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NSA Surveillance Triggered 2010 Terror Case Against San Diego Men
Tuesday, June 18, 2013
The case against four San Diego men convicted earlier this year of conspiring to send money to the Somali terrorist group al-Shabab was triggered by the National Security Agency's controversial surveillance program.
The case against four San Diego men convicted earlier this year of conspiring to send money to the Somali terrorist group al-Shabab was triggered by the National Security Agency's controversial surveillance program, said FBI Deputy Director Sean Joyce during a hearing Tuesday.
Joyce told the House Intelligence Committee that the NSA spotted a San Diego phone number from its database of all domestic phone call logs because of its suspicious contacts outside the United States. He said the NSA gave the number to the FBI.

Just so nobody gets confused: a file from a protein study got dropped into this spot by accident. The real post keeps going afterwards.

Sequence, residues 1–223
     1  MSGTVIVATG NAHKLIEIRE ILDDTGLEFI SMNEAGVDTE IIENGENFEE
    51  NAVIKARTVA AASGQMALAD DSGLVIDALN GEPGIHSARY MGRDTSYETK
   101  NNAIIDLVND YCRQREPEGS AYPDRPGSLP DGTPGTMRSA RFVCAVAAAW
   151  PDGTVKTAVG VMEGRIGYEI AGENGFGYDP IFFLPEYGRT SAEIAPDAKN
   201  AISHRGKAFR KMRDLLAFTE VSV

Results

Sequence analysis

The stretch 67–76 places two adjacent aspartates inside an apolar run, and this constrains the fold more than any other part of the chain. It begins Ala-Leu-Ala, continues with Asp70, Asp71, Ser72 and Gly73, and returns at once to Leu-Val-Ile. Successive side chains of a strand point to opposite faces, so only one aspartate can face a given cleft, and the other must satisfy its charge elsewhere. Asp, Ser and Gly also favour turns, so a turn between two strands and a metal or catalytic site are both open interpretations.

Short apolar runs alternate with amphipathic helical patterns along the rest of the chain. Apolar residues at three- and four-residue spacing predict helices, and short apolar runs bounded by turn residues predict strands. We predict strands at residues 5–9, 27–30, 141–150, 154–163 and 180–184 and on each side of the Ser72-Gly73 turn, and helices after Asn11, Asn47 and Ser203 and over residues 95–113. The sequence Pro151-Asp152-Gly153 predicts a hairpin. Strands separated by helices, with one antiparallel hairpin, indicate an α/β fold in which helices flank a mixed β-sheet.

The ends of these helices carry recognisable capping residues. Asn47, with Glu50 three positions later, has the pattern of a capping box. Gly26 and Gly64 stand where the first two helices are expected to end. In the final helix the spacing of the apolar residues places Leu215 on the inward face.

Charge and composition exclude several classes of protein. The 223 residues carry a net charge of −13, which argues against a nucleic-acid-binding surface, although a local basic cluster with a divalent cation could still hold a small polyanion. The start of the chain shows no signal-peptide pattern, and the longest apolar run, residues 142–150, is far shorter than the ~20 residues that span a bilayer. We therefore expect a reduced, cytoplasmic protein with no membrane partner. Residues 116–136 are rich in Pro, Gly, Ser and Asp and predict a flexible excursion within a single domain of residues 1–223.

Joyce said that after electronic surveillance was carried out in the case, officials learned the phone number belonged to a man planning to send money to a terrorist group in Somalia. Joyce said co-conspirators were identified through the surveillance and the terrorist activity was disrupted.
Federal officials in San Diego confirmed the case was that of the four Somali immigrants arrested in 2010 and charged with providing financial support to al-Shabab in Somalia. They were convicted earlier this year.
The government's case was primarily based on wiretaps of calls between the men and members of al-Shabab.
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